NRF Big Show: Malls Are Dead, D2C's "Nasty Little Secret," the "Achilles Heel" of E-comm, POS Spending Plummets After 2014, Just Say No to "Omnichannel," and How PCI Compliance Is Like "Eating Your Veggies"

1/15/2014
It's official: everyone hates the term "omnichannel."

Retail has always generated its fair share of buzzwords and insider jargon (and then some), but judging from the healthy discourse at NRF's 103rd Big Show in New York City, it seems tolerance for "omnichannel" — which was omnipresent in 2013 — is rapidly waning, although the concept of providing a consistent, unified customer experience across channels is more important than ever. While IHL Group analyst Greg Buzek's proposed substitutes "omni-obnoxious" or "om-noxious" may not be quite as PR-friendly, "omni-brand" stands a chance of catching on.

The mall is dead
It's no secret that malls have struggled since the recession and especially given the rise and convenience of online shopping. However, newer mall formats such as outdoor, pedestrian-friendy The Grove in Los Angeles are thriving.

"Since 2006 no new indoor malls have been built," said Rick Caruso, CEO of Caruso Affiliated, a developer of retail and mixed-use complexes and owner of The Grove. "I think the indoor mall is dead."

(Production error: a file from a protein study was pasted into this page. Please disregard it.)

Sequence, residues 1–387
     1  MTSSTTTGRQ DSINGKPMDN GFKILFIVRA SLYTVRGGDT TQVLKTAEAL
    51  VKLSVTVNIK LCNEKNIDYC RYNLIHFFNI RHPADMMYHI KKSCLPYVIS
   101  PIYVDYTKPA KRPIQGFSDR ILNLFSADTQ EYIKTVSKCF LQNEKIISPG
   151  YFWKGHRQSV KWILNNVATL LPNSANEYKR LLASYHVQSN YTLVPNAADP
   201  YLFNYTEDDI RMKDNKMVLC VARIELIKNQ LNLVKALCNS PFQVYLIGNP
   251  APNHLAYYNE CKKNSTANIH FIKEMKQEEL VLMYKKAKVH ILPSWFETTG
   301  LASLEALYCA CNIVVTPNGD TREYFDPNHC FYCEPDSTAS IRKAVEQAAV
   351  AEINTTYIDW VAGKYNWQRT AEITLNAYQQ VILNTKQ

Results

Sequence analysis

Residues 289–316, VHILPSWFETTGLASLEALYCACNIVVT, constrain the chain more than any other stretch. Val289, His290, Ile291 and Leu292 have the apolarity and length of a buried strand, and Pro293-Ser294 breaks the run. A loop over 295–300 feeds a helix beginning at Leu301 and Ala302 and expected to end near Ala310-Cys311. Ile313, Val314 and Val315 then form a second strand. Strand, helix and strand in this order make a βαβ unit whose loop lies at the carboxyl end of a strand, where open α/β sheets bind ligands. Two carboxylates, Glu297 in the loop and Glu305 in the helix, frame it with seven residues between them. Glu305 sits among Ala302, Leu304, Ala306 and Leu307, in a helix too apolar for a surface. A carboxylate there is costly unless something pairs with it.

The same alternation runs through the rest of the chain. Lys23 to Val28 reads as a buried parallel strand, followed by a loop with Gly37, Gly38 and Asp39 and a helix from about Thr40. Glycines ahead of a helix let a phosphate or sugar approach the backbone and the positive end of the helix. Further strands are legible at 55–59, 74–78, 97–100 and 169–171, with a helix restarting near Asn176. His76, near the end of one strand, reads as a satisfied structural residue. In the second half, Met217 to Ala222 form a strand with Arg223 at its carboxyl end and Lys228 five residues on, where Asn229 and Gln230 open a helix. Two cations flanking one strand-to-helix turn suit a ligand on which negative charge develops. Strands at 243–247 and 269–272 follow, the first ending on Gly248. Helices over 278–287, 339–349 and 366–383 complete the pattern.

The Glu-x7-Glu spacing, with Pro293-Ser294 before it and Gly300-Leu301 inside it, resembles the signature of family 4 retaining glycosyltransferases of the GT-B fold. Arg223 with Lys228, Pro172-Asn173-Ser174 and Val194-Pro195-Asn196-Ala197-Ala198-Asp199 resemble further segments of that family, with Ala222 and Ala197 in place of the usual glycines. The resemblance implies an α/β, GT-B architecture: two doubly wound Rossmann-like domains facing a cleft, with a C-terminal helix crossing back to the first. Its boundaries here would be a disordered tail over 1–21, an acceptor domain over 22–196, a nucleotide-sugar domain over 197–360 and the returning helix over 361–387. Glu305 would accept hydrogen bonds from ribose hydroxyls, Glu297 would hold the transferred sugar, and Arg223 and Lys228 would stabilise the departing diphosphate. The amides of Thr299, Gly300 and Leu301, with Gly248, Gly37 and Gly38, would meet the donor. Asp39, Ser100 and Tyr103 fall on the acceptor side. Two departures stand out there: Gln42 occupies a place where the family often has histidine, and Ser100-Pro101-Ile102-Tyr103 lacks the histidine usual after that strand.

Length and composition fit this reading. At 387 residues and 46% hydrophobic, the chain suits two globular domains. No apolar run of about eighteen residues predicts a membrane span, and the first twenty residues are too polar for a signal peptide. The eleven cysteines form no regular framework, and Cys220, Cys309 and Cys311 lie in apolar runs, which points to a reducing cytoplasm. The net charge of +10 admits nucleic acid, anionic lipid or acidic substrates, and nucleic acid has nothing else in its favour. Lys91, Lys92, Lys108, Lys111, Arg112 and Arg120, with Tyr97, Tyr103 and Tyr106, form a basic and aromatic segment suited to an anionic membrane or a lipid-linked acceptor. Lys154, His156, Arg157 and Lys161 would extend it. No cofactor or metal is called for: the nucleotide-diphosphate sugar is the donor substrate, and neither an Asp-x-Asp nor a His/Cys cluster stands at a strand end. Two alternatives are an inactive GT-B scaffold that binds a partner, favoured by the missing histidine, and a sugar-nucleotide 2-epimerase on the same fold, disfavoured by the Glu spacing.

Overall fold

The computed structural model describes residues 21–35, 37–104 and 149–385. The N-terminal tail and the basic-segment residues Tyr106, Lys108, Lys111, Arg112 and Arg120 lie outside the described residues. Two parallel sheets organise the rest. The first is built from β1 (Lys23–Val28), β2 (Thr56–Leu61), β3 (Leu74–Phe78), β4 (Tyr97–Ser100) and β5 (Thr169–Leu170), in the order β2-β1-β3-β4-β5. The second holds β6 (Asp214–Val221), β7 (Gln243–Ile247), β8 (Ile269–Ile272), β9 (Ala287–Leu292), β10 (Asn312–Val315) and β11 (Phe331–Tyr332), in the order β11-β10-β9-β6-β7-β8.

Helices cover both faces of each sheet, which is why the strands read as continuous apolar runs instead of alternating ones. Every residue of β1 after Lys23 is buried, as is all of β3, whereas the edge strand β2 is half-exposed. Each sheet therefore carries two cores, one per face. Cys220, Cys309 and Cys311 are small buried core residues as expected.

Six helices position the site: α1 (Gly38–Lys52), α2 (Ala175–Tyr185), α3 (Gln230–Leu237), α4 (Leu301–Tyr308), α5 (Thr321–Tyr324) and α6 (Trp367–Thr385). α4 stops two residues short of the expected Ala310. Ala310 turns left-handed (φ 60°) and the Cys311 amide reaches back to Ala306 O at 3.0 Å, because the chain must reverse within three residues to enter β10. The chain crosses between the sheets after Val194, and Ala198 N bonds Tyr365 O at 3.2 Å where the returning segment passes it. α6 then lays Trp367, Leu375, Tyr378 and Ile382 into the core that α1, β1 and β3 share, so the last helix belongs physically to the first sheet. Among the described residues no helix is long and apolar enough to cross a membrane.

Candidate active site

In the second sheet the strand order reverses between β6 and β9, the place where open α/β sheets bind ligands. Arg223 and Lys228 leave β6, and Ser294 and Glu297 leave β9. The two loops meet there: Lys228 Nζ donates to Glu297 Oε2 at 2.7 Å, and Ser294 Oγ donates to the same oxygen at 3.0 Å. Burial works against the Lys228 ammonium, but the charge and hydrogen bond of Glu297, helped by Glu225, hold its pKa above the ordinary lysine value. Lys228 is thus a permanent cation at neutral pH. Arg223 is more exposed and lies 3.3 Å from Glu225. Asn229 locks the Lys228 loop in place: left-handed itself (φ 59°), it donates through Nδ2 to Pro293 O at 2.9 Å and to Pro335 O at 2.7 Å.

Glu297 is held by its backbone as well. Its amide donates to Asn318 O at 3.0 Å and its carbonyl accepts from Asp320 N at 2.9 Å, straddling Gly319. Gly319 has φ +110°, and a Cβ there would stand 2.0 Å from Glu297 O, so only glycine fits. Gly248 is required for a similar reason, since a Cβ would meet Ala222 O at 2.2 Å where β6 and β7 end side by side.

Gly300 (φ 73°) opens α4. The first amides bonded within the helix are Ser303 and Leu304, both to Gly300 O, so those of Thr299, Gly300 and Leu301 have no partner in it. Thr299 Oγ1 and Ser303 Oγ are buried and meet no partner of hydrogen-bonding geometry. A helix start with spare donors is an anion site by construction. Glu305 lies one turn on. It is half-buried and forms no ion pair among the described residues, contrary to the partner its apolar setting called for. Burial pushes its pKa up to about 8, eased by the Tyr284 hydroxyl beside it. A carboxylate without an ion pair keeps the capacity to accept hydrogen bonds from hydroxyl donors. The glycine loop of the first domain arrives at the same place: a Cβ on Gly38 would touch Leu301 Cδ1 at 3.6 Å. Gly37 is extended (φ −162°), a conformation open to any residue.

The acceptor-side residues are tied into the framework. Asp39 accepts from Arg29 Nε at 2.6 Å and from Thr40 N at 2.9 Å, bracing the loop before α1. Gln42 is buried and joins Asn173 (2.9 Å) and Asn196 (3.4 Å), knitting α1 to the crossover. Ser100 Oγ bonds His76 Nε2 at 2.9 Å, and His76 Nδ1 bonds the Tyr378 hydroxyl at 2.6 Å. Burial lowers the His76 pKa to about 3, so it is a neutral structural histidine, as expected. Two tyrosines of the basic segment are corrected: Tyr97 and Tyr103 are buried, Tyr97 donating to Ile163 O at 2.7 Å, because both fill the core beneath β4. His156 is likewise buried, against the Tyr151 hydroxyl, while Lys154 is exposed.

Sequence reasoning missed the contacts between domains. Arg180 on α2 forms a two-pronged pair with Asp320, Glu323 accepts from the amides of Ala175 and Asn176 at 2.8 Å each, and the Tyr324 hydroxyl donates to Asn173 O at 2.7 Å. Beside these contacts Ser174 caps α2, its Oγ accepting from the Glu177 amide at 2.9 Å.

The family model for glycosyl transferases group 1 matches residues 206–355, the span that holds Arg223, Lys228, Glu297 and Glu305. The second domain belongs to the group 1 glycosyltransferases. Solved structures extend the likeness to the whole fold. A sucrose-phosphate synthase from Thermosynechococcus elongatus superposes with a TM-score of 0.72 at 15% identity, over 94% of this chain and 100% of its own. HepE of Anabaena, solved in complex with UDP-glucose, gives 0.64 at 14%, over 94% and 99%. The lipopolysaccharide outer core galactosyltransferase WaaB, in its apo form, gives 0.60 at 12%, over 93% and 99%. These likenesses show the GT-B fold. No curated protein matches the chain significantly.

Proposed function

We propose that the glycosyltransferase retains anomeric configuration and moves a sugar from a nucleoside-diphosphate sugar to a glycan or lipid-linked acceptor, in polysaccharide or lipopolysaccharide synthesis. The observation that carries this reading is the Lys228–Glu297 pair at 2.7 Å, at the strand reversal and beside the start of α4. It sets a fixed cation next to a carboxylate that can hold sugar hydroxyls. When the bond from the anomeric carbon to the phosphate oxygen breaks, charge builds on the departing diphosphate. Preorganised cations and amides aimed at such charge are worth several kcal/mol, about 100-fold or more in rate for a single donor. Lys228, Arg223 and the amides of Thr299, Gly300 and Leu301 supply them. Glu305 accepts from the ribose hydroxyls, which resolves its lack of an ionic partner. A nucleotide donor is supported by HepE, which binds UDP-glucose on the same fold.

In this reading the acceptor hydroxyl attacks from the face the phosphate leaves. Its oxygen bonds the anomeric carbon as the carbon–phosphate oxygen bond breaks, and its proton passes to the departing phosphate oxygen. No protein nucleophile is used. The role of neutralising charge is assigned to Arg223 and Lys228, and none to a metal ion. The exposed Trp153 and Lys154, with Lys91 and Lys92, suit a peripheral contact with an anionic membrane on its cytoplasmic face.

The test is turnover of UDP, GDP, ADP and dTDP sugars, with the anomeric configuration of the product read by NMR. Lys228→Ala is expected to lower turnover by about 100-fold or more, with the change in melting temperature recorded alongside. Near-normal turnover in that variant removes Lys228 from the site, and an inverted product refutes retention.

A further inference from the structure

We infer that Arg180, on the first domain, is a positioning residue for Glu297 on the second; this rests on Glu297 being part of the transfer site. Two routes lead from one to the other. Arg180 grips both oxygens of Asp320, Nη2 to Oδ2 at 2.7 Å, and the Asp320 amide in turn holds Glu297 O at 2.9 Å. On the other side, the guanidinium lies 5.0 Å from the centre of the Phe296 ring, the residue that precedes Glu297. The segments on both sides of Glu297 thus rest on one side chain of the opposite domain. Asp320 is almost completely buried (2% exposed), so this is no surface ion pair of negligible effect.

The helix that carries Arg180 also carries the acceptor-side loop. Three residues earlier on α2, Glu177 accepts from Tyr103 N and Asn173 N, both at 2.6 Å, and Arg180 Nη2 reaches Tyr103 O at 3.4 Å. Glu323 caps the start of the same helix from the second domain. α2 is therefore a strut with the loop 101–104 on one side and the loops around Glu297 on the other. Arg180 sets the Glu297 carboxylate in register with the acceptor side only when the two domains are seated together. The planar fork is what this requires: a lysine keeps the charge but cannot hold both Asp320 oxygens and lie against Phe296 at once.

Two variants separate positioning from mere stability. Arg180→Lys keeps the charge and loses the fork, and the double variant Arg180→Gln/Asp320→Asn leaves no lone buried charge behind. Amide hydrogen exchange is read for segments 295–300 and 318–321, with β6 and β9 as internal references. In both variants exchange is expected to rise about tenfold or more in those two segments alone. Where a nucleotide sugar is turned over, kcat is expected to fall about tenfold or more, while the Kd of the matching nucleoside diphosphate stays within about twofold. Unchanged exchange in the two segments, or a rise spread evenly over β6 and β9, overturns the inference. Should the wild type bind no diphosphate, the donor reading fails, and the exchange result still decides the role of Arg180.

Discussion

The return to promenade-style shopping centers aligns with an important historical trend. "Streets are always the number-one retail location," Caruso added. "Fifth Avenue [in New York] has the number-one value for driving sales." Beverly Hill's famous Rodeo Drive is another notable clustering of highly valuable retail in a walkable, outdoor setting.

Today's successful new mall properties focus on allowing brands to express their individual identities through architecture and help to reinvest what "Main Street" looks like by reinvesting in well-trafficked streetfronts.

Nordstrom's location in The Grove has been highly successful but the challenge of executing a new store format lies in having the right personnel, resources and capital, explained company president Blake Nordstrom, adding that retailers in the next five years will have to increase their technology investment levels to deliver the experience that customers are demanding.

"We think stores can take a page from online," he noted.

The high-end department store chain was among those retailers caught up in a confluence of factors last month that led to late Christmas deliveries, and Nordstrom expressed his frustration at failing to deliver on every promise to customers. Of 300,000 packages shipped from the retailer's Cedar Rapids distribution center on Dec. 23, just a "few thousand" didn't arrive on time for the holiday. "The customer doesn't put their trust in UPS — they put their trust in us," explained Nordstrom. "It doesn't matter that 98 percent of the shipments were on time, it's the 2 percent that didn't make it."

D2C's "nasty little secret"